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Supporting Refugees


Refugees gather to watch the arrival of United Nations High Commissioner for Refugees Antonio Guterres at IFO-2 complex of the sprawling Dadaab refugee camp, May 8, 2015.

The United States and its partners are committed to helping resolve conflicts, build democratic and just societies. Until then, we are working to safeguard refugees’ lives, and their dignity.

According to the United Nations Office of the High Commissioner for Refugees, or UNHCR, last year, over 51 million people were living as refugees from war or persecution. In the past decade, most refugees came from Asia and the Pacific. But today, the Middle East and North Africa are the main regions of origin of refugees. And for the first time, there are more displaced people than after the Second World War.

That’s partly because there are more new conflicts, but the old ones are not going away, and instead are becoming chronic, said Catherine Wiesner, Deputy Assistant Secretary for Population, Refugees, and Migration. And they’ve become more brutal.

“Civilians aren’t just getting caught in the crossfire. They are being deliberately and indiscriminately killed, as warring parties lay siege to neighborhoods, burn villages, and even target hospitals and schools,” said Deputy Secretary Wiesner.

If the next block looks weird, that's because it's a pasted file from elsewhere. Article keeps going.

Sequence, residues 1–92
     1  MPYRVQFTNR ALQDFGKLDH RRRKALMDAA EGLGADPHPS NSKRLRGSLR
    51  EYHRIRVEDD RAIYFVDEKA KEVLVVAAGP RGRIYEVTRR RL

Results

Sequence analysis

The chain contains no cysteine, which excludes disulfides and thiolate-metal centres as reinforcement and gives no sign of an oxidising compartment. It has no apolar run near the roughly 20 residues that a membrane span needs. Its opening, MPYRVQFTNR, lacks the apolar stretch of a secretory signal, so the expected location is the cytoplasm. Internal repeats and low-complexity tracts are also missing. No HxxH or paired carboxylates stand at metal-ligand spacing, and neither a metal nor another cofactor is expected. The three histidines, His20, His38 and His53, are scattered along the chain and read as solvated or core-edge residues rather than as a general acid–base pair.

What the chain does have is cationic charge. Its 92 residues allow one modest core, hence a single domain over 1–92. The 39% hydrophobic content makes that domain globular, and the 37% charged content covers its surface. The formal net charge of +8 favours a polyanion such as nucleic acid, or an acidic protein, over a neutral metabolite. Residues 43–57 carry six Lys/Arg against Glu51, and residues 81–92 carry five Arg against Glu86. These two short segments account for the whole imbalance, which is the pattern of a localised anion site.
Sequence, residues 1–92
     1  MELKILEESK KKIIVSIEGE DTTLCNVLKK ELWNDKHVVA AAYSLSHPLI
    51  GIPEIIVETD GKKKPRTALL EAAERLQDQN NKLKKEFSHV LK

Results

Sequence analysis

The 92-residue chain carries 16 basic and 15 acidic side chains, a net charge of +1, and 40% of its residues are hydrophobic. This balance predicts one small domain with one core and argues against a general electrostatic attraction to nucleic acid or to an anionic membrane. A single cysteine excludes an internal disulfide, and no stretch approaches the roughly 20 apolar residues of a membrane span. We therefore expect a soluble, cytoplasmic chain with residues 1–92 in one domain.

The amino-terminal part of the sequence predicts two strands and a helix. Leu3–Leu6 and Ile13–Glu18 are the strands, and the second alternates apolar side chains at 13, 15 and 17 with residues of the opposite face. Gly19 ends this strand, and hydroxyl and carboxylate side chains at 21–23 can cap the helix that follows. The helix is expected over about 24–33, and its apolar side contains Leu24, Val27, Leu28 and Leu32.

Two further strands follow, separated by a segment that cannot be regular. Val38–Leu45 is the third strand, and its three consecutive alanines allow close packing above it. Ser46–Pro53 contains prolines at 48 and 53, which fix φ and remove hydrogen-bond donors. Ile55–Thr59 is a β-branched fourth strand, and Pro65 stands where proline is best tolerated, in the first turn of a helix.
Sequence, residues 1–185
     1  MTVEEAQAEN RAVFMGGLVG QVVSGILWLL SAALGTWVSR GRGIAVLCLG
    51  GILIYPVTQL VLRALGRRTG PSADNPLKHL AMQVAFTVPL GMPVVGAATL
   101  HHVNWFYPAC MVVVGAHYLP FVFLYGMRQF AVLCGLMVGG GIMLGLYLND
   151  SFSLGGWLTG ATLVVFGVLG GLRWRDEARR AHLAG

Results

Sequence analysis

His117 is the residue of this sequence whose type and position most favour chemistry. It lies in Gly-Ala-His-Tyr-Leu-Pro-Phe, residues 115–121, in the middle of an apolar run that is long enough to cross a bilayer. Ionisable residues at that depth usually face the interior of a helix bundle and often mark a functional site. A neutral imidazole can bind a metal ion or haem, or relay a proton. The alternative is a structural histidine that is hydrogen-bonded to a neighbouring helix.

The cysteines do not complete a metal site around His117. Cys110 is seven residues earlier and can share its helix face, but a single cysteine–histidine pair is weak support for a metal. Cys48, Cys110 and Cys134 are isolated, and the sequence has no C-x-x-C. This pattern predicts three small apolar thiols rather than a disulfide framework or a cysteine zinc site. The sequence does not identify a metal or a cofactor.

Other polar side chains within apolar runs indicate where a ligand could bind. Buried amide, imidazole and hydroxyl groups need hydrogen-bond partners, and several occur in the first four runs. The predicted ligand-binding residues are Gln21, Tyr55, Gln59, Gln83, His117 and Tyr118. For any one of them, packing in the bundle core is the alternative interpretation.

“International humanitarian principles are being trampled. Boundaries, once honored even in wartime, have been crossed.”

The U.S. State Department’s Bureau of Population, Refugees, and Migration is tasked with providing protection, easing suffering, and resolving the plight of persecuted and uprooted people around the world.

“Wherever uprooted people flee, we and [other] agencies strive to adapt, to identify the greatest threats and needs, and devise new ways to protect the most vulnerable refugees,” said Deputy Assistant Secretary Wiesner.

This includes programs to protect them from perils commonly faced by refugees and displaced people, including gender-based violence, human trafficking and exploitation by criminals who prey on the vulnerable. The United States funds schools and recreation centers for children, as well as vocational training for youths and adults, so that whether they eventually return home, or settle in a foreign country, they will have the skills to get well-paying jobs, or start new businesses of their own.

“The best solution to mass displacement isn’t local integration or resettlement. It is not more humanitarian aid. It is addressing the root causes of the violence that drive so many people from their homes,” said Deputy Assistant Secretary Wiesner.

The United States and its partners are committed to helping resolve conflicts, build democratic and just societies. Until then, we are working to safeguard refugees’ lives, and their dignity.

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